Ever tried to freeze leftovers only to end up with a frozen mass that thawed into an unappetizing mess? Let us introduce you to flash freezing. In the food industry, this refers to the use of ultra-low temperatures to freeze food fast. But for those of us at home, it's a way to freeze single pieces — as in berries — or servings of food before packing them together for the longer term in the freezer. Flash freezing at home involves some forethought, preparation and time, but it's worth it.
Many of us are accustomed to throwing leftover meat, bread, cakes and cookies into a freezer container and hoping for the best. Sometimes it works out, but sometimes you end up trying to pry apart frozen chicken breasts with a butter knife. Flash freezing lets you thaw and reheat individual servings instead of entire containers of food.
If there's a bunch of leftover berries nearing the end of their refrigerator life, putting them in a freezer bag as-is will cause them to fuse into one frozen lump. This will be not so helpful later, when you'd like a handful to put in a smoothie. With flash freezing, you spread them out on a baking sheet or tray, then freeze them for a short time. This isn't a long-term freezing solution — the berries are uncovered, and the trays would crowd up your freezer. When the berries' surfaces have hardened, you transfer them to a freezer bag or another container. When you're ready for a smoothie, it's easy to grab just a few.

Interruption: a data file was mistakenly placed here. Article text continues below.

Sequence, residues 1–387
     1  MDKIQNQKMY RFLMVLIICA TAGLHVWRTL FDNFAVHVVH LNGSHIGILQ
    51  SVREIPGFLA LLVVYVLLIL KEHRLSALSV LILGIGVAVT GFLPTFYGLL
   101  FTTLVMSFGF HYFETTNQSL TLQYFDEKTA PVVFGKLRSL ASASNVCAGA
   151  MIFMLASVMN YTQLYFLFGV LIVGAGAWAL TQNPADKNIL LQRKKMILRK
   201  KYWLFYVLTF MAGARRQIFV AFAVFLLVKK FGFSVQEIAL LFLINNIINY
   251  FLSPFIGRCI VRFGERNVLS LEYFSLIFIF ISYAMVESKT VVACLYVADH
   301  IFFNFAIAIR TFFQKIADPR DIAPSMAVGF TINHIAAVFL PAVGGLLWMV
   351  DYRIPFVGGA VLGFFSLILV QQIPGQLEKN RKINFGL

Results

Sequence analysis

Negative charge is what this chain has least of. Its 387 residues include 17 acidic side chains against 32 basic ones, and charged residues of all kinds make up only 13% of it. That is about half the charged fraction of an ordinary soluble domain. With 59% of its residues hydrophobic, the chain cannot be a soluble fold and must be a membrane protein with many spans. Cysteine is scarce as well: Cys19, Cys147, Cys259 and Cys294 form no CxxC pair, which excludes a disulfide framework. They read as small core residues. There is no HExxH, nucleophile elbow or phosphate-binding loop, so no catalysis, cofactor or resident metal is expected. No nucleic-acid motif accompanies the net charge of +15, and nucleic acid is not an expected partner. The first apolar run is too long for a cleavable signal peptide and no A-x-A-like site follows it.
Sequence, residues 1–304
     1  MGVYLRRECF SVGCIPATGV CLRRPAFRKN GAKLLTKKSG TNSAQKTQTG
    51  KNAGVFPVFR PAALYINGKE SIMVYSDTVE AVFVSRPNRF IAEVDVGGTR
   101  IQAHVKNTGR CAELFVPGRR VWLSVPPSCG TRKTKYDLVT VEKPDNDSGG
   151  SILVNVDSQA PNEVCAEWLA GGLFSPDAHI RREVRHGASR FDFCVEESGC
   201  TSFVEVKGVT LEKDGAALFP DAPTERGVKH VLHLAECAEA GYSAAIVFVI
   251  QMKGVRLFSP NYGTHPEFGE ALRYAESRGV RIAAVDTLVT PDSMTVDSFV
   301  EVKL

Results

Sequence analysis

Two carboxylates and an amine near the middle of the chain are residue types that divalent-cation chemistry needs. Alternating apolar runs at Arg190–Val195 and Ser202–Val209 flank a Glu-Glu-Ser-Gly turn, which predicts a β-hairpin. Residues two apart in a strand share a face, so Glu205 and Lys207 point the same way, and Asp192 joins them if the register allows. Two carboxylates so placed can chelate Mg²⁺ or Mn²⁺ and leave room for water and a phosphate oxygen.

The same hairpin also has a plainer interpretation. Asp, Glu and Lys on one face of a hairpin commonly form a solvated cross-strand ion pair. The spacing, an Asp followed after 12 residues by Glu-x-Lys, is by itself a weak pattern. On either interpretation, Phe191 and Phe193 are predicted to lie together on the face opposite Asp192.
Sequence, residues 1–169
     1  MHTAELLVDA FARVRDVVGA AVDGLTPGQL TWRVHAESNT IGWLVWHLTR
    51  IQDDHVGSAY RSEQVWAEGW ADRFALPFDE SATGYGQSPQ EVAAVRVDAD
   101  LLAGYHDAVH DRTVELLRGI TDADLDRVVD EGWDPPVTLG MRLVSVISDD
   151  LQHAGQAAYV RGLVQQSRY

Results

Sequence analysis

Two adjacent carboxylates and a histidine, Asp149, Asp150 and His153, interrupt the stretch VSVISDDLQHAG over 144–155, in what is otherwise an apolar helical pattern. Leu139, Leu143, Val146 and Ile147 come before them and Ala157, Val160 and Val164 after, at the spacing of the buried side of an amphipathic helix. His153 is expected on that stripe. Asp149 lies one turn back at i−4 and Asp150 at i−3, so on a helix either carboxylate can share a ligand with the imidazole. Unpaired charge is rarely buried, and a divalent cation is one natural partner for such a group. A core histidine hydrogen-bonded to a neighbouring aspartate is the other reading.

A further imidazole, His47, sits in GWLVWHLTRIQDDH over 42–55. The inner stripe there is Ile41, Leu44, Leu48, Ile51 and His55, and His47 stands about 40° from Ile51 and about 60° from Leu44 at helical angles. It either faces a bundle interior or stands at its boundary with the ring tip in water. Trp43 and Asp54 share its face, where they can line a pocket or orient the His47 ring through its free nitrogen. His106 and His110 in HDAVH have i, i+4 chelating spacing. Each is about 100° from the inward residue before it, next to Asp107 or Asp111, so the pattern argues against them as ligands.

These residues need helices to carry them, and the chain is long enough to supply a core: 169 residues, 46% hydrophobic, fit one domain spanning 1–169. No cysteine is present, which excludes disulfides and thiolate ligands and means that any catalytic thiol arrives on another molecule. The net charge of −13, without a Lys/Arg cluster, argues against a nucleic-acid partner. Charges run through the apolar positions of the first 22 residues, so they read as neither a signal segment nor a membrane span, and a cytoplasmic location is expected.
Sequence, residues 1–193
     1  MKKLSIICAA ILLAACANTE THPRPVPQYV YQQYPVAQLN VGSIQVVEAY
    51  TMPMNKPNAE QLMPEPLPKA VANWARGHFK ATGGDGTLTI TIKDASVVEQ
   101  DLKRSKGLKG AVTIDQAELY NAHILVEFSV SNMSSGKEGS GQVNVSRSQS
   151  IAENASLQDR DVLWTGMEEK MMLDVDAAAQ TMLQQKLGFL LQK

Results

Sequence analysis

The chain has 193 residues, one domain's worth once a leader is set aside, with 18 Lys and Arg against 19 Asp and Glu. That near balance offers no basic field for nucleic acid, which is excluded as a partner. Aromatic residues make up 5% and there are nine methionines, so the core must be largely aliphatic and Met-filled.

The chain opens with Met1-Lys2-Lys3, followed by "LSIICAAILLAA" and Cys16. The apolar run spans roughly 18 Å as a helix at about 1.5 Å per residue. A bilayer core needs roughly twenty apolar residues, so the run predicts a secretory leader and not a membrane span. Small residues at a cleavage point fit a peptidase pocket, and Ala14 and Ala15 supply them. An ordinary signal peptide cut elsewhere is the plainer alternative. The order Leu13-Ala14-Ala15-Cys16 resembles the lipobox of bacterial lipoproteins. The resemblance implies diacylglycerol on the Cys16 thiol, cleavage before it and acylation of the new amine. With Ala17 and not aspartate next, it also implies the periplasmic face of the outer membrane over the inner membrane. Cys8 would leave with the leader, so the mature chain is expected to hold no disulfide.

Flash freezing doesn't work for everything. Pouring individual portions of soup on a baking tray, for example, sounds like a bad idea. And most produce, unlike berries, should be at least partly cooked or packed in liquid before it's frozen. But flash freezing can be helpful for any raw or cooked food you can cut or break that would otherwise freeze into a too-big lump: meatballs, cookies, slices of pie, burgers, leftover lasagna, you name it.